Nov. 25, 2003 BOULDER -- Findings from this year's active Atlantic hurricane season confirm that track forecasts have markedly improved, following computer-modeling advances at the National Oceanic and Atmospheric Administration (NOAA) that include the use of enhanced wind data from parachute-borne instrument packages devised at the National Center for Atmospheric Research (NCAR). The interagency U.S. Weather Research Program (USWRP) is providing support for the model improvements.
Preliminary data from NOAA's National Hurricane Center show that the average track error in NHC's 2003 Atlantic forecasts has been the smallest on record. Some of this year's hurricanes, such as Isabel, followed relatively smooth paths that made track forecasts easier. Others, such as Kate and Nicholas, evolved far more erratically. Such variation in storm behavior from year to year is one of several factors that influence forecast quality. However, "the past four years have seen a consistent improvement in our forecast tracks," says NHC deputy director Edward Rappaport.
The boost in hurricane track accuracy follows a more steady improvement since the 1960s of 1–2% a year. Since 2000, the NHC forecasts have benefited from major USWRP-supported improvements in the global computer forecast model developed at NOAA's Environmental Modeling Center (EMC), a part of NOAA's National Centers for Environmental Prediction (NCEP). The 48-hour forecasts from NCEP's global model now predict the tracks of Atlantic tropical cyclones about 35% more accurately than they did prior to 2000, Rappaport says.
"Improvements to our forecasts are directly linked to advances in the numerical models," says Rappaport. "The models drive the process of making better forecasts. The sustained improvement in performance by the NCEP global model provides confidence to the hurricane forecasters charged with making the official forecast."
In the late 1990s, USWRP-supported scientists at EMC upgraded the NCEP model to include a better depiction of the hurricane core circulation, a more detailed description of the hurricane's larger-scale environment through advanced use of satellite data, and improved model physics.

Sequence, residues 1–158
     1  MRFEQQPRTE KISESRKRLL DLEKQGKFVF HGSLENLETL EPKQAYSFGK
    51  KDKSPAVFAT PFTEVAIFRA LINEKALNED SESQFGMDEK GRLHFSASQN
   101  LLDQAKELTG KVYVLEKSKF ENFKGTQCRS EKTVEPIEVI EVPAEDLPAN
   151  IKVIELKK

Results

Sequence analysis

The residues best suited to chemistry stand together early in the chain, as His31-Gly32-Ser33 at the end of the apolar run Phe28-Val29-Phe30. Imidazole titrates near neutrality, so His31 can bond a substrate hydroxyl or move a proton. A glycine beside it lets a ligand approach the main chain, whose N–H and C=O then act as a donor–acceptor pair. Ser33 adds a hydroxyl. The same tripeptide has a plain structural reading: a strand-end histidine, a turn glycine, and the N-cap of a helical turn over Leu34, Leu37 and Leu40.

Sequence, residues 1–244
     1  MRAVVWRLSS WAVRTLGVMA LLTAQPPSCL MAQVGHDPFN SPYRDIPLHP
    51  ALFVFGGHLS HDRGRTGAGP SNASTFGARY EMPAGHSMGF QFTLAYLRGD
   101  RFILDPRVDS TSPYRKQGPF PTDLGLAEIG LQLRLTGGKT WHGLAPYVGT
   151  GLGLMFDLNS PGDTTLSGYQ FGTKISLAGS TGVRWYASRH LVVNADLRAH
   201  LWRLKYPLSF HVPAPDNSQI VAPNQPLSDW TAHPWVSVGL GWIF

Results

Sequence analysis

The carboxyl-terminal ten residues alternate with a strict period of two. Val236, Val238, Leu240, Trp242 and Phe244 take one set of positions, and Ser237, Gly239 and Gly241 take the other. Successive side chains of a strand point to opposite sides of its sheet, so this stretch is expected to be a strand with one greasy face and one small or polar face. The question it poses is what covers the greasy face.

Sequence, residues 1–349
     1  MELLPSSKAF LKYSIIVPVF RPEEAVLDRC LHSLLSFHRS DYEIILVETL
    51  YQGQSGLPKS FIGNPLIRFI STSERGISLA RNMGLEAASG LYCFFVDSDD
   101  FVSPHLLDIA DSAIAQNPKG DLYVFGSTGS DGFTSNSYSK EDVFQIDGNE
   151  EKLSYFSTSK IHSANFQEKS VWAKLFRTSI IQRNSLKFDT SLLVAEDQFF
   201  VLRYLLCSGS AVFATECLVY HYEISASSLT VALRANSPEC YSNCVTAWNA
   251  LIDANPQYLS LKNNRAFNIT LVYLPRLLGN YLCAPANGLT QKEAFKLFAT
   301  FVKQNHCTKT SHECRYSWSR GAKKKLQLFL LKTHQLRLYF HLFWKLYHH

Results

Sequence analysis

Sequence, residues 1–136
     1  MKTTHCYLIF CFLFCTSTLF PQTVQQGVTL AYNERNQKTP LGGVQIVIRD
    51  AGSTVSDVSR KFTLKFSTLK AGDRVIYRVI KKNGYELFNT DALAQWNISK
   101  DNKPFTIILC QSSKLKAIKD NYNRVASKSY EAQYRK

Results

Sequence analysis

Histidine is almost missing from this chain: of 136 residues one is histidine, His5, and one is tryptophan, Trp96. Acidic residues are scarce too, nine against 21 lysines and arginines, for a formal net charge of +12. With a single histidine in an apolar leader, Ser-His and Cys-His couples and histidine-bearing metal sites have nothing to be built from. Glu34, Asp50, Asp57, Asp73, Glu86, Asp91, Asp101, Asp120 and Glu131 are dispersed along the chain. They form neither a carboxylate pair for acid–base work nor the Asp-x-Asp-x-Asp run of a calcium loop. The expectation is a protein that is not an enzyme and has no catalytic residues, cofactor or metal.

Other changes to the NCEP model allow it to more accurately incorporate data from dropsondes, the parachute-borne instrument packages designed at NCAR and deployed by NOAA's high-altitude Gulfstream IV aircraft. Introduced in the mid-1990s, these enhanced dropsondes yield far greater detail on winds in and near hurricanes, including high-altitude steering currents. The dropsonde development was funded by the National Science Foundation (NCAR's primary sponsor), NOAA, and the German Aerospace Center.
"These improvements helped lead to an outstanding track forecast of Hurricane Michelle in 2001," says Naomi Surgi, leader of EMC's advanced hurricane modeling project. While most other forecast models showed that Michelle would strike Florida, the NCEP global model correctly predicted the storm would curve northeast, away from the state. Based on this guidance, unnecessary evacuations were avoided.
Despite their progress in track prediction, forecasters have made comparatively little headway in predicting how strong a hurricane will become and how much rain it will produce. Inland rainfall is now one of the main hurricane-related threats to life and limb. For example, more people died from inland flooding related to Tropical Storm Allison in 2001 than died directly from the far more intense Hurricane Andrew in 1992.
"The intensity problem and the rainfall problem are now the most significant challenges we face over the next decade," says Surgi. "This is what USWRP will be focusing on."
USWRP support is also assisting in the development of the multi-agency Weather Research and Forecasting (WRF) model, to be used by NOAA for public forecasts starting in late 2004.
WRF is the successor to a long line of research models developed at NCAR, including the widely used MM5, the latest version of the NCAR/Penn State mesoscale (thunderstorm-scale) model. MM5 has been a mainstay of the research community and has been used in forecasting operations in a number of countries.
"WRF will serve both the research and operational communities by providing a direct link between the two," says USWRP chief scientist Robert Gall, who also heads NCAR's meteorology division. "In this way, new forecasting technologies developed by researchers can move quickly into day-to-day forecasting operations."
A research-oriented version of WRF, with a resolution as fine as 2.5 miles (4 kilometers), tracked Hurricane Isabel at NCAR this autumn. NCEP is developing a special version of WRF tailored for hurricanes. Called HWRF, it will include air, sea, and land coupling; a nested wave model; and analysis techniques that use airborne data to provide a better initial description of the three-dimensional circulation within the hurricane's core.
"In combination with these advances, we expect that HWRF's high resolution and state-of-the-art physics will help improve the skill of hurricane intensity and rainfall outlooks," says Surgi. The HWRF is expected to replace the current operational high-resolution hurricane model at NCEP in 2006.
USWRP sponsors include NOAA, NASA, NSF, and the U.S. Department of Defense.
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The above story is based on materials provided by National Center For Atmospheric Research (NCAR).
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